Strategies to reduce emissions and support achieving a net-zero emissions world are attractive for funding support. These include scaling up clean energy, studying ways to stop the deforestation of critical forests, reducing emissions and advancing carbon management technology. Removing carbon dioxide emissions from the atmosphere is a critical objective, so projects that study best practices for carbon dioxide removal are attractive to funders. The IIJA provided $8.2 billion to expand funding for 12 existing research, development, demonstration and deployment programs.

In August 2023, the U.S. Department of Energy allocated $1.2 billion to two commercial-scale direct air capture facilities, one in Texas and the other in Louisiana. These projects, each receiving about $600 million, will be the first of their kind, and both plants will be designed to remove more than 2 million metric tons of CO2 emissions annually. Officials note that the two plants are the first in a future nationwide network of large-scale carbon removal sites.

Additionally, the Office of Fossil Energy and Carbon Management has announced another $100 million to support states, local governments and public utilities in purchasing products from converted carbon emissions. The program will offset 50% of the costs associated with procuring and using products that demonstrate a significant reduction in greenhouse gas emissions. The BIL provided $5 billion for transportation research and development projects. The program’s first stage will support planning and innovation of new smart city technology concepts and the second phase will support the implementation of those technologies. All stage 1 grant funding recipients will be eligible to apply for stage 2 funding.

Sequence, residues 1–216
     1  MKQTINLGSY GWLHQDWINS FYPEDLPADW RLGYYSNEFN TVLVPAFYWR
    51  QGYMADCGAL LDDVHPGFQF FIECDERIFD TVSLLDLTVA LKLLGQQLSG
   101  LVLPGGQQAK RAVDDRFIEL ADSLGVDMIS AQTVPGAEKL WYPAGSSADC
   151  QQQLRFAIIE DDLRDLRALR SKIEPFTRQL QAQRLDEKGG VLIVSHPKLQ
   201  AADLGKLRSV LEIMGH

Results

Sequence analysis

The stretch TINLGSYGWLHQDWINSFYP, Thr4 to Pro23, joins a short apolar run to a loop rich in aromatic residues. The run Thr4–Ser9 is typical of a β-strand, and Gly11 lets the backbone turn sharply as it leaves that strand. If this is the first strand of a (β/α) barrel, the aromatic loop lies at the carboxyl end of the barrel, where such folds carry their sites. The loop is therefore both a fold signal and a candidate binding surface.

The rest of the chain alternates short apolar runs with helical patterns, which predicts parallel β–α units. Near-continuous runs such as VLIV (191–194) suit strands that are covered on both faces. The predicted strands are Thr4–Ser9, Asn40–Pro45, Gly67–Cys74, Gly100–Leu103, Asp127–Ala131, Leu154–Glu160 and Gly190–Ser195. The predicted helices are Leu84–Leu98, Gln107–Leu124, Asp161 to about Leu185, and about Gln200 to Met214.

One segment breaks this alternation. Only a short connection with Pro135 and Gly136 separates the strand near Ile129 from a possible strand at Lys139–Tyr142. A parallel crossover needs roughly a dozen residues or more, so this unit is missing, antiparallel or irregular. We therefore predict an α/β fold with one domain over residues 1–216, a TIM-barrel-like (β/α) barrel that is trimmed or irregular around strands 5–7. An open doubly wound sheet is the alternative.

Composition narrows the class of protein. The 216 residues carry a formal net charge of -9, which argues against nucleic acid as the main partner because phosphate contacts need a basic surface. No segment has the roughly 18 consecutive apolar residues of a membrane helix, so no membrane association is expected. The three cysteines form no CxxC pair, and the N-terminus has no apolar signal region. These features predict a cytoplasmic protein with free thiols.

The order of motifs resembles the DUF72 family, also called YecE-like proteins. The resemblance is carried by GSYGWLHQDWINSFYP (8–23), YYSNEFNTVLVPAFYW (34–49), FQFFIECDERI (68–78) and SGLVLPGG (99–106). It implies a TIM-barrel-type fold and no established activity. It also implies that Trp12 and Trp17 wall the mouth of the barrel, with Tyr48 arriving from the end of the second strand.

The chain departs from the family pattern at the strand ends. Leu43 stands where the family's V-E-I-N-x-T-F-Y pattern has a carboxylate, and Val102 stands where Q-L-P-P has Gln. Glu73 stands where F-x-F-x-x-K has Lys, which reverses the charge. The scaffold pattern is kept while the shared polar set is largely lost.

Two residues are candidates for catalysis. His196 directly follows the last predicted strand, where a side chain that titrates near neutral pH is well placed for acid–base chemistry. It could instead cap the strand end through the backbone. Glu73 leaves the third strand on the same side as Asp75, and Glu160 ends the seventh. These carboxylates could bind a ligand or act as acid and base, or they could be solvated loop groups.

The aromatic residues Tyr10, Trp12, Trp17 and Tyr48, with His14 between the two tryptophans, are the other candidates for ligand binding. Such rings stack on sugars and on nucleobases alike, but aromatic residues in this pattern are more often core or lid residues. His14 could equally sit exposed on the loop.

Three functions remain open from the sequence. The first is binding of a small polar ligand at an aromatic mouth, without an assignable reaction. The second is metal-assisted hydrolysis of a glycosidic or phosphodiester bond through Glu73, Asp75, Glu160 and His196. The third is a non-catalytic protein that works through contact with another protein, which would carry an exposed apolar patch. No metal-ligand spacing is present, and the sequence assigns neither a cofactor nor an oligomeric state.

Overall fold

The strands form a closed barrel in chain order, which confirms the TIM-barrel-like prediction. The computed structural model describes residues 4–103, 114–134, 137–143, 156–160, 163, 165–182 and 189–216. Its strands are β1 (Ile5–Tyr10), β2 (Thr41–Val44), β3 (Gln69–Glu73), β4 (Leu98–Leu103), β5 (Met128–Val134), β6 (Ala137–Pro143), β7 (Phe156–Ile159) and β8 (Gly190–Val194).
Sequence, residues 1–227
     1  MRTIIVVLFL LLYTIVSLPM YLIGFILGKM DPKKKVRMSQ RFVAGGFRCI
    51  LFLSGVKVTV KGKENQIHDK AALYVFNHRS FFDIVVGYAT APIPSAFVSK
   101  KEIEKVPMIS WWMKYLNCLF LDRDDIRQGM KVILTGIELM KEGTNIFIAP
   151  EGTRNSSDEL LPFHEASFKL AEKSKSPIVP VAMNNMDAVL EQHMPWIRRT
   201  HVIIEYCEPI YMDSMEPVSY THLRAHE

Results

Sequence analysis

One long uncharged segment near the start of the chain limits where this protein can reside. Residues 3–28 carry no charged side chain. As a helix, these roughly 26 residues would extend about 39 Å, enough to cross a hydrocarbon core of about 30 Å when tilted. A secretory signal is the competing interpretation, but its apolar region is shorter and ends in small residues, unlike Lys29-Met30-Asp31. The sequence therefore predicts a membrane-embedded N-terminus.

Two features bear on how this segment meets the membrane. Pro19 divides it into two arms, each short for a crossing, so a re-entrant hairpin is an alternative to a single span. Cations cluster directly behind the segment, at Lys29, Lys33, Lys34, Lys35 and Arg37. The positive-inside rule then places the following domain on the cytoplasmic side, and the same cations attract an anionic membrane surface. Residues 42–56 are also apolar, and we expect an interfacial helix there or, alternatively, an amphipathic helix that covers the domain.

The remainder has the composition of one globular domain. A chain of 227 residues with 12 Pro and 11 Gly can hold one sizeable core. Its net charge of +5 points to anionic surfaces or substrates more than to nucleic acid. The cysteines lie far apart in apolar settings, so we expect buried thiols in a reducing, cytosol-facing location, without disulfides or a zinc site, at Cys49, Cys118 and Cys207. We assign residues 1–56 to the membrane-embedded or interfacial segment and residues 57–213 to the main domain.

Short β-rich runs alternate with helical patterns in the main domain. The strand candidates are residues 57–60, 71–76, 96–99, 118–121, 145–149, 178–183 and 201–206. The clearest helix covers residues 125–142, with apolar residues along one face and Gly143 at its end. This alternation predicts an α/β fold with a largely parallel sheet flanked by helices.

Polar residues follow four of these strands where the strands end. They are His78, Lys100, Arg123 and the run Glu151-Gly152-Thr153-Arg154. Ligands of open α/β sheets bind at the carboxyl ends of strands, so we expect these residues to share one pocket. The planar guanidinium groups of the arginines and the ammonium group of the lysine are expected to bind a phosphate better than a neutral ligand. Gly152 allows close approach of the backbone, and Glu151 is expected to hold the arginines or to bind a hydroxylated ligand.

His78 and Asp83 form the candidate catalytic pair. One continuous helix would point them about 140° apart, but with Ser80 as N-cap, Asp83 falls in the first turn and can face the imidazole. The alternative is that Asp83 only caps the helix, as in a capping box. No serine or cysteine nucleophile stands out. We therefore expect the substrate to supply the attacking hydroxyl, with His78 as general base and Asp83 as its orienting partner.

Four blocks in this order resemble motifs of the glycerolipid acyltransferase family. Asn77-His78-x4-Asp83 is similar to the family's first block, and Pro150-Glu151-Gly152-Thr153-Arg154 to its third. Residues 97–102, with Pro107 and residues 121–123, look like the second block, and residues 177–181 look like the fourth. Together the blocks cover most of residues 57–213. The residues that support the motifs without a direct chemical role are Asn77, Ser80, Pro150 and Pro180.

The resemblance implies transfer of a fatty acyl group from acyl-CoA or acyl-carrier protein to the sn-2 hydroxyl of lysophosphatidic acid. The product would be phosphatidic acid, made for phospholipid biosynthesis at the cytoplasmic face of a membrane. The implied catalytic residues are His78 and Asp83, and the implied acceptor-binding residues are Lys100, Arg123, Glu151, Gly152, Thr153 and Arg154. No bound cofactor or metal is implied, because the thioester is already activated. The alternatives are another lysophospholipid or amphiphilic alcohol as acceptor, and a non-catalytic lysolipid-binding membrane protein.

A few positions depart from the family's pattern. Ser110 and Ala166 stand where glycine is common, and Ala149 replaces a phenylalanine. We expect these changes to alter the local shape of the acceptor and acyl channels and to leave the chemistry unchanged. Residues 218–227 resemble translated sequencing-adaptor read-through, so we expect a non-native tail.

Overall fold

The Department of Transportation conducts research aimed at improving mobility and reducing accidents while protecting the environment. Federal funding is available to support physical and natural science, technology development and social science projects. Addressing climate change requires USDOT to invest in developing methods to reduce emissions.

Another central area of research is digitization, which involves the double initiative of upgrading legacy transportation infrastructure to advanced digital systems while protecting new digital transportation systems from cybersecurity threats. 

Research and development keep America strong and competitive. Funding is abundant. Interestingly, however, is the fact that there is more funding in many programs than requests for it. It may be advisable for universities, non-profits, public entities and other organizations to revisit the research funding programs.


About the Author:

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As President and CEO of Strategic Partnerships, Inc., Mary Scott Nabers has decades of experience working in the public-private sector. A well-recognized expert in the P3 and government contracting fields, she is often asked to share her industry insights with top publications and through professional speaking engagements.


Mary Scott Nabers is CEO of Strategic Partnerships, Inc and the author of Inside the Infrastructure Revolution – A Roadmap for Rebuilding America.